Then there are the practices that are generously donating their existing supplies to those fighting on the front line. In addition to PPE, many surgical clinics have been donating their ventilator units to hospitals. This lack of vital resources has placed a standstill on all elective treatments. Until the country is able to scale up production of these items, it may delay the industry’s recovery.

Using this time wisely

Practices that have remained open have largely abandoned elective treatments and instead focused on patients that truly require immediate care.

Dermatologists, plastic surgeons and even certain medical spas (where state law allows), have shifted their focus in response to community needs. Aesthetic services have taken a back seat to other medical procedures. Moreover, many practices that are staying open are not doing it to generate revenue. They see providing these services as fulfilling their commitment to patient care, often via telemedicine. By taking on many of these cases, practitioners are freeing up time and resources for urgent care facilities and emergency rooms.

After addressing their immediate financial concerns, and for those without the ability to treat patients, many facilities were left wondering what to do in the downtime. Some practices took the lull as an opportunity to work on things within their business that haven’t or don’t normally receive the proper attention.

“We didn’t want to sit around and just wait for everything to end. We are taking this time to be productive; we are working on a lot of processes we haven’t been able to focus on when we have patients in the office,” said Jean Casello, MD, medical director of RenovoMD in Northborough, Mass. “We are cleaning up and improving a lot of key areas in our business now, which is going to be incredibly helpful moving forward.”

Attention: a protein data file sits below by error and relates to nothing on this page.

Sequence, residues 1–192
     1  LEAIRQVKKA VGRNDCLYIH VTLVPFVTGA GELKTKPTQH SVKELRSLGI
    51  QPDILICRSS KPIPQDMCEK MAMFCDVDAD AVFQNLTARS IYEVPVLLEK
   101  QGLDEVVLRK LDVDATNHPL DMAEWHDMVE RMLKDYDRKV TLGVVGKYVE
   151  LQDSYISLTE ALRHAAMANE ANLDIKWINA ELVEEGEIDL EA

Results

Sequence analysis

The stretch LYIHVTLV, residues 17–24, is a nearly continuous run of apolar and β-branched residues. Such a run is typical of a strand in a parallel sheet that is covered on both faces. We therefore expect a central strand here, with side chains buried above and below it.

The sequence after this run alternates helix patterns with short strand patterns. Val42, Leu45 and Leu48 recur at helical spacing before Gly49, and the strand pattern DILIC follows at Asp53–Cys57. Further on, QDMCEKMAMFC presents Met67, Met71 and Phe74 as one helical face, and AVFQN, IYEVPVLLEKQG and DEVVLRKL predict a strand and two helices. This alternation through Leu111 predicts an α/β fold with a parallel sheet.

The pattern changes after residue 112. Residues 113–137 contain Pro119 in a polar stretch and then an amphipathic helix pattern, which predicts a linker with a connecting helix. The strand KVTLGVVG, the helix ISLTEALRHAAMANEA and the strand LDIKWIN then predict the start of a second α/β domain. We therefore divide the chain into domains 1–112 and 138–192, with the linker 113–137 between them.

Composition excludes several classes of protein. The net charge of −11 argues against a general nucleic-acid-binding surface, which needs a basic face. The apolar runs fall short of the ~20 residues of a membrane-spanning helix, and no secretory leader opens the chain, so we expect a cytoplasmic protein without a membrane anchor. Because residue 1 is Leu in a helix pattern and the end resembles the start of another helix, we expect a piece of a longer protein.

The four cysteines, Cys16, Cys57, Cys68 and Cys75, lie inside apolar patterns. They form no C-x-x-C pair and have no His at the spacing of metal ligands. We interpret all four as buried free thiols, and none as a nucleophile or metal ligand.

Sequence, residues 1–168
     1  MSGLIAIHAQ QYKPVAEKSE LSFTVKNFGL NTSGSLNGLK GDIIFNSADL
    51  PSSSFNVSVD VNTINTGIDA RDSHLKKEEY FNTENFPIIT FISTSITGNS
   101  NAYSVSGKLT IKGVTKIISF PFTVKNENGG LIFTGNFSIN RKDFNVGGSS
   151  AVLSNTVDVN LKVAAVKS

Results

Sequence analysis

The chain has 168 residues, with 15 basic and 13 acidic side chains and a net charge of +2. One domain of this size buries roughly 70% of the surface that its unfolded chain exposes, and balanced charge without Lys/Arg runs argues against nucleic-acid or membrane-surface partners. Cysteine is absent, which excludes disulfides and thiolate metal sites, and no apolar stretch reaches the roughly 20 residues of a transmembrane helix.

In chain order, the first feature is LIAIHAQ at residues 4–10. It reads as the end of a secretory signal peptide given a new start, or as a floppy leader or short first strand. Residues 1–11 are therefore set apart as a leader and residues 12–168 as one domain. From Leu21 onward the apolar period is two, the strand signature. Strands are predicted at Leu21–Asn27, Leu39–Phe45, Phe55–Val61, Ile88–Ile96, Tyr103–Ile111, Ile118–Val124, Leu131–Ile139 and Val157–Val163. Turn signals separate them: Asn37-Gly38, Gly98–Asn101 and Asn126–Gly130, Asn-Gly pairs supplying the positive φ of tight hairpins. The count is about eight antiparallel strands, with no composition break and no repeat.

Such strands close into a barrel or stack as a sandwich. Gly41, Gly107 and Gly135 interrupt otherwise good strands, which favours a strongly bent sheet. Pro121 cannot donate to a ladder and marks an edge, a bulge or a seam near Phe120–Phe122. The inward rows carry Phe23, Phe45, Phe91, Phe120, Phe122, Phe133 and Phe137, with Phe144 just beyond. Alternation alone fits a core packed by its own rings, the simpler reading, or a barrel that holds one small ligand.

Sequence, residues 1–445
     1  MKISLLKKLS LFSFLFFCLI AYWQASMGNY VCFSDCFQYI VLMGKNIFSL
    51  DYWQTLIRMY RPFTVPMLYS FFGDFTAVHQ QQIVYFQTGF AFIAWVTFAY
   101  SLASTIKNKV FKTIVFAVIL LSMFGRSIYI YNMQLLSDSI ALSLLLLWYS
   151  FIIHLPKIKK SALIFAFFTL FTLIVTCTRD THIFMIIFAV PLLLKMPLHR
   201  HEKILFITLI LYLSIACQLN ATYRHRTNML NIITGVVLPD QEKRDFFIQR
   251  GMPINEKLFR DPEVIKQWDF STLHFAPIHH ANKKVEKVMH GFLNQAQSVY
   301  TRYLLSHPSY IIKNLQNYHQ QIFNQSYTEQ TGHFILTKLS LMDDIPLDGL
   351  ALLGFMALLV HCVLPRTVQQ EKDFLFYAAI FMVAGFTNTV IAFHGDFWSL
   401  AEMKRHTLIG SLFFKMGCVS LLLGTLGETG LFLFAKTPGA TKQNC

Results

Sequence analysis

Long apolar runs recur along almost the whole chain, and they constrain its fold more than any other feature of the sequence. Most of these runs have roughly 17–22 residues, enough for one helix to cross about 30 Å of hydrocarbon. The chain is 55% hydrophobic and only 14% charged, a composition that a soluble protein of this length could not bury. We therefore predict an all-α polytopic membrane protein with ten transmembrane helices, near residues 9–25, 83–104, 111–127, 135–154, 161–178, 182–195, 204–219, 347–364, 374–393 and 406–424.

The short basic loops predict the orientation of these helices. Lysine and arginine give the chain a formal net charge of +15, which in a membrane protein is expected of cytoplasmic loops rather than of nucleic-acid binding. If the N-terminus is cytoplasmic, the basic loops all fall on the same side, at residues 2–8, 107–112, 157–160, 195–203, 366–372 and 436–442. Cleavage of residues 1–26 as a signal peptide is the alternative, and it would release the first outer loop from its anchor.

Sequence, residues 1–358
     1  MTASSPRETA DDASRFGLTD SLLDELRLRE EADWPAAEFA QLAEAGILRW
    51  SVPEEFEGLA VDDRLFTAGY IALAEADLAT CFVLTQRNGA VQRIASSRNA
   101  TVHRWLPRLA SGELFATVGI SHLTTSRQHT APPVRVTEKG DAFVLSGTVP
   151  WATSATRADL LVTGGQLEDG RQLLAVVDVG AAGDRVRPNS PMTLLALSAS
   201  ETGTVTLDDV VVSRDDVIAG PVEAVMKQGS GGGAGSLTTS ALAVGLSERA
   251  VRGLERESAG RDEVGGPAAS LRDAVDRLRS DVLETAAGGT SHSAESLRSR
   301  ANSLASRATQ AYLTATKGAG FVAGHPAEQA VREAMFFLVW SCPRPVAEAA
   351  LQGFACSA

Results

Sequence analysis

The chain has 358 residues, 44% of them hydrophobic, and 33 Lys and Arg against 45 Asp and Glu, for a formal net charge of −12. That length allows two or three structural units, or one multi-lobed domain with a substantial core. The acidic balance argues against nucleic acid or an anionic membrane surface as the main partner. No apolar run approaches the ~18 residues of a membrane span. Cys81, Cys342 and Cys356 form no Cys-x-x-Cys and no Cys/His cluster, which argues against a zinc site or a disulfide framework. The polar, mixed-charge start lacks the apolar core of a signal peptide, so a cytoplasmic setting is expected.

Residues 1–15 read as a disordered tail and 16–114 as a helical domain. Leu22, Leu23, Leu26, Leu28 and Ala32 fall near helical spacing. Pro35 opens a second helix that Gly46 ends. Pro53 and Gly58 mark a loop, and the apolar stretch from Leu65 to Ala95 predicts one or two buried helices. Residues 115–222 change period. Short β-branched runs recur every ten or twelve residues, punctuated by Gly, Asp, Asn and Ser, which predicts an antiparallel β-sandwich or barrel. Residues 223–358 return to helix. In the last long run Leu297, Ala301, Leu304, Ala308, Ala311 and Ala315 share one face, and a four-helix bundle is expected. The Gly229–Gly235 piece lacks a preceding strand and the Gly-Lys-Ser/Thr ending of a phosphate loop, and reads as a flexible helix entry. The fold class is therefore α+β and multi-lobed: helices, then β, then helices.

As busy practices, it is no surprise that attention is divided and certain processes and protocols did not get the proper care and attention. Without the “distraction” of patients in the office, practice owners are tightening up their organizations and building a stronger foundation for the future.

Open lines of communication

While social distancing efforts are the norm during the COVID-19 outbreak, many practices have largely turned to virtual methods of communication with their patients. Efforts have been made to keep patients informed about what a practice has done during the outbreak and the steps they have taken to protect patients from infection. And, while many patients can’t leave their homes, practices have had no shortage of phone calls and requests. Since businesses have been required to close, there has been an increase in two-way communication between the office and patients.

For many practices, including RenovoMD, the message has been more about reassurance. Constant and open communication during the outbreak has set many offices up for success once they are allowed to return.

“We really just let them know that we are here for them, that we’re still around. Our focus has been on keeping people engaged and with all the positive feedback we received, the results are very encouraging,” said Dr. Casello.